[Possibly NSFW because of the photo of Kim K.]
I had just posted this joke on Twitter:
Yes, sometimes I tweet jokes about Kim Kardashian’s butt.
Which is one reason I was surprised when my friend Phil told me that he’d seen one of my tweets in the Reader’s Digest.
He mailed me his copy of the Dec 2014/Jan 2015 issue. Here’s my tweet, in the “Laugh Lines” article on page 127:
Getting a joke in the Reader’s Digest is one of the coolest things I’ve ever done. Yeah, I know most people don’t think of the magazine as cool. But it played an early role in steering me towards a career as a professional writer.
As a preteen I read my mother’s Reader’s Digests cover to cover. Each one was a tasting menu of attention-grabbing and invitingly short features.
The true stories expanded my horizons and sparked my imagination. The how-to articles fed my curiosity about how the real world operates.
But I especially gravitated toward the jokes, like the ones in “Humor in Uniform” and “Laughter is the Best Medicine.” I must have started cracking more jokes myself because on one sixth-grade report card my mark in Conduct slipped from its usual A to a B-minus.
The Reader’s Digest was turning me into a class clown.
The magazine also played a role in my getting onto the Harvard Lampoon, my first step on the road to professional comedy.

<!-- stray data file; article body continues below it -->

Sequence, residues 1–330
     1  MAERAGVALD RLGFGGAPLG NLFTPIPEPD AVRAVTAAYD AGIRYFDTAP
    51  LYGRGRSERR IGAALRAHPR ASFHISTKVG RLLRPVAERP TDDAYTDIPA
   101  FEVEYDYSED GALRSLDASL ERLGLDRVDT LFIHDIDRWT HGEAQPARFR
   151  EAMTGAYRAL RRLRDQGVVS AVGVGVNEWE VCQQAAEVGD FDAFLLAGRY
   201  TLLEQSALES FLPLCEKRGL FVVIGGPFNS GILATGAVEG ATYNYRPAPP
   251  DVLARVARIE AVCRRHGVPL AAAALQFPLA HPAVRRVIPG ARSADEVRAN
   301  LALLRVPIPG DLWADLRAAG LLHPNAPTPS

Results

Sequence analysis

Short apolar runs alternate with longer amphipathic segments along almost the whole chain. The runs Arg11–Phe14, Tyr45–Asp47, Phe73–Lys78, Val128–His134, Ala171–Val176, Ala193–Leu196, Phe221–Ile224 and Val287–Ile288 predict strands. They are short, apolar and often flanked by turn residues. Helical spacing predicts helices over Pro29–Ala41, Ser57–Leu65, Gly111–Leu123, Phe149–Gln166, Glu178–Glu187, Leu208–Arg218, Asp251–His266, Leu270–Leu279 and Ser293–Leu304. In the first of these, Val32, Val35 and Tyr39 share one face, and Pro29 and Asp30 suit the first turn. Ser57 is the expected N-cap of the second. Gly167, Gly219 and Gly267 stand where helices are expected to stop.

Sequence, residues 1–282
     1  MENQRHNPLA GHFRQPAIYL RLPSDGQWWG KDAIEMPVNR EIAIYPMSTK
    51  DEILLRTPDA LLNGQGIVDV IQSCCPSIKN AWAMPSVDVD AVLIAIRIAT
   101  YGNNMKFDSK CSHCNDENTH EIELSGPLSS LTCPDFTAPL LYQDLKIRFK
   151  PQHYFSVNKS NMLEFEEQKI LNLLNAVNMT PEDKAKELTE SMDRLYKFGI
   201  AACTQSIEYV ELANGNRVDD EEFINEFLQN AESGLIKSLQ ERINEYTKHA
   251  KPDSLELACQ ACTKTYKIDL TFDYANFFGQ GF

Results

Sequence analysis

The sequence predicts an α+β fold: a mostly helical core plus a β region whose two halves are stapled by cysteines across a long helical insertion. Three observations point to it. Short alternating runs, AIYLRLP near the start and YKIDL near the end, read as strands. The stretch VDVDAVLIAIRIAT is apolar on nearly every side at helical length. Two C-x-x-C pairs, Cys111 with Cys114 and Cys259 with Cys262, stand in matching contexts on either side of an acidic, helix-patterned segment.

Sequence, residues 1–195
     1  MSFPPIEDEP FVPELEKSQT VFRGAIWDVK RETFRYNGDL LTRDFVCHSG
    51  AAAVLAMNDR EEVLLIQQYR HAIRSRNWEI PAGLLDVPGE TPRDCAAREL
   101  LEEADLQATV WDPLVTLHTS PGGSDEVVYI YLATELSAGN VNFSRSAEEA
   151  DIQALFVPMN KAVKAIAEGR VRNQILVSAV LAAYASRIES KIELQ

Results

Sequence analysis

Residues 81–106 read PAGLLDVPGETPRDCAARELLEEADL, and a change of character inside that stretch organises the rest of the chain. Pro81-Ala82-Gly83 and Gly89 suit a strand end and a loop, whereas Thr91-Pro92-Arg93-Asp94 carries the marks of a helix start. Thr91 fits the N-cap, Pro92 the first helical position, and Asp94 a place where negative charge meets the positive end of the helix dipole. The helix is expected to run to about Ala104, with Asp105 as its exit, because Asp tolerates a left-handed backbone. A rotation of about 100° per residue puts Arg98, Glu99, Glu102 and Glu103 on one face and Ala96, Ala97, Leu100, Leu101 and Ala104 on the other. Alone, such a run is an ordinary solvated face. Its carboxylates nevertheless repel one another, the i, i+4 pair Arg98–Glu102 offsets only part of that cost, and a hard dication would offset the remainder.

One of the writing samples I submitted was a parody of a Reader’s Digest cover. A fake inspirational article was entitled, “Betty: The Nurse Who Wouldn’t Die, by Richard Speck.”
[Only six years earlier Speck had murdered eight student nurses, so my joke was a real test of the well-known formula “Comedy equals tragedy plus time.”]
A decade later I was crafting jokes for David Letterman, who appears in that same “Laugh Lines” article with me.
And now my comedy has come full circle, back to the cradle where it was nurtured, the Reader’s Digest. And that’s pretty cool.
Plus the magazine paid me $25 for that Twitter joke. So, sucker for positive reinforcement that I am, I decided to write another one for them.
Why did the Reader’s Digest pick up my first joke?
In my book, Comedy Writing for Late-Night TV, I talk about how important it is to capture the “voice” of the host. I’ve written for hosts from Dave Letterman to Caroline Rhea to Jay Leno. Now apparently I had captured the voice of the Reader’s Digest—homespun, good-natured, Middle American.
Can I do it again? Here’s my new joke:
Buy that joke, Reader’s Digest, and I’ll subscribe. That would be the least I could do for the magazine that gave birth to it.